Upon entering a traditional school of martial arts, the student encounters numerous rules to follow. Courtesy and etiquette are an important part of the learning process. The masters of old passed down certain processes for future generations to follow. They had a reason for all of them, even though the beginning student may not understand it early on.
An interesting analogy I heard recently compared tradition in the martial arts to the roots of a tree.
Strong roots, combined with the proper amount of sunlight and water, make the tree very strong. This, in turn, makes the trunk, branches, flowers, and seeds strong.
If the roots are the tradition in martial arts then the branches are the numerous styles. The flowers could be compared to the sport and showy side, and the seeds conducive to future generations.
Each part should recognize where it came from: the flower from the branch; the branch from the roots. This insures continuity and is comparable to children, parents, and grandparents.
Grandparents only want the very best for their grandchildren. They will share their lifetime of experience if the grandchild will listen and have respect for this experience.
Great troubles can be avoided and more progress can be made with less time wasted if the student accepts and sincerely follows the guidance and direction of a competent and experienced teacher.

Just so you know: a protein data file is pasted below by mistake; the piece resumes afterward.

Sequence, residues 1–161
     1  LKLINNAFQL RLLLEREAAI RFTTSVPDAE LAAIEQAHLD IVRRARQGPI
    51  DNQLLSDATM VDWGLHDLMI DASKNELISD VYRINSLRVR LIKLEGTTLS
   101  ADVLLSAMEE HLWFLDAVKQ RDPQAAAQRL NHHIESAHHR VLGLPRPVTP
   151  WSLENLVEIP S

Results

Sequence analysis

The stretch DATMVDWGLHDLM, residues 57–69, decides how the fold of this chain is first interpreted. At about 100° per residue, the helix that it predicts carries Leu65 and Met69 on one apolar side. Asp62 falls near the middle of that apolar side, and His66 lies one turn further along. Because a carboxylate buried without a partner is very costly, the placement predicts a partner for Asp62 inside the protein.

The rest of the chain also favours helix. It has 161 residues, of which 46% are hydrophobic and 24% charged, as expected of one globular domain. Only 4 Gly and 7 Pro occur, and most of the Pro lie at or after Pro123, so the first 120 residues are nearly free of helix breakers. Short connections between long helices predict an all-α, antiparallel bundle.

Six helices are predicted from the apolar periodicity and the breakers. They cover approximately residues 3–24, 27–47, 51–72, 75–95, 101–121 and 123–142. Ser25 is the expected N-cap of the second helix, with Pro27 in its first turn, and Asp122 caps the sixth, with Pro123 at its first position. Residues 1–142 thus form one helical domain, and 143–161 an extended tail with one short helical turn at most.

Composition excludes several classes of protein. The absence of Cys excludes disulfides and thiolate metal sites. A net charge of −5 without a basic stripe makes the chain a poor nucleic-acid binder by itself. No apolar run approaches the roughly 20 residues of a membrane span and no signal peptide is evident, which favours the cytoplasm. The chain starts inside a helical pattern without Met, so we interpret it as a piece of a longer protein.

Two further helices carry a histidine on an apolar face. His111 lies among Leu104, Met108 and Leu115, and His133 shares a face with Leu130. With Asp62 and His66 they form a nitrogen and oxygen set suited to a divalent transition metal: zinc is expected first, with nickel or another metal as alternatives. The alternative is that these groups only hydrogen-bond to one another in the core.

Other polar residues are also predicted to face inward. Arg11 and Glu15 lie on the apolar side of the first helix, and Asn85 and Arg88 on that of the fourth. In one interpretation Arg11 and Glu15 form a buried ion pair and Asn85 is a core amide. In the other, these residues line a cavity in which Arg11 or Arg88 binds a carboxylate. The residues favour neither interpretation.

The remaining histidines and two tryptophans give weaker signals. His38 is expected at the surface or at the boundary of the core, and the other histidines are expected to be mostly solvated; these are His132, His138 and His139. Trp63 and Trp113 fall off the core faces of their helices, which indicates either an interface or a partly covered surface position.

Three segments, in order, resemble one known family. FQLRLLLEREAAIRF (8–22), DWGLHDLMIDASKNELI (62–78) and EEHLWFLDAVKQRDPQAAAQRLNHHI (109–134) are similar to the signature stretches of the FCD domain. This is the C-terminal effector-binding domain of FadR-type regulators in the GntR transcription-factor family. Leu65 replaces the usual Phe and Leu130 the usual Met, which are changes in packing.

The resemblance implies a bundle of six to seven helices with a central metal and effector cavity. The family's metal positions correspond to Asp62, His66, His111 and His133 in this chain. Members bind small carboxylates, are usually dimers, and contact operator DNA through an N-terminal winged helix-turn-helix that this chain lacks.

As you age, you become the tradition. The way you value and respect the tradition is exactly how you will be valued and respected when time goes by and you are the old one. By giving in and accepting a meaningful tradition you also insure your place when your children (or students) see you as the grandparent.
Anything without a strong root in tradition will be temporary. If you ignore the importance of tradition and decide to do things your own way thinking you know better, you won’t know what you have lost until it’s too late.
Originally published in December, 2003 under the title “The Importance of Tradition”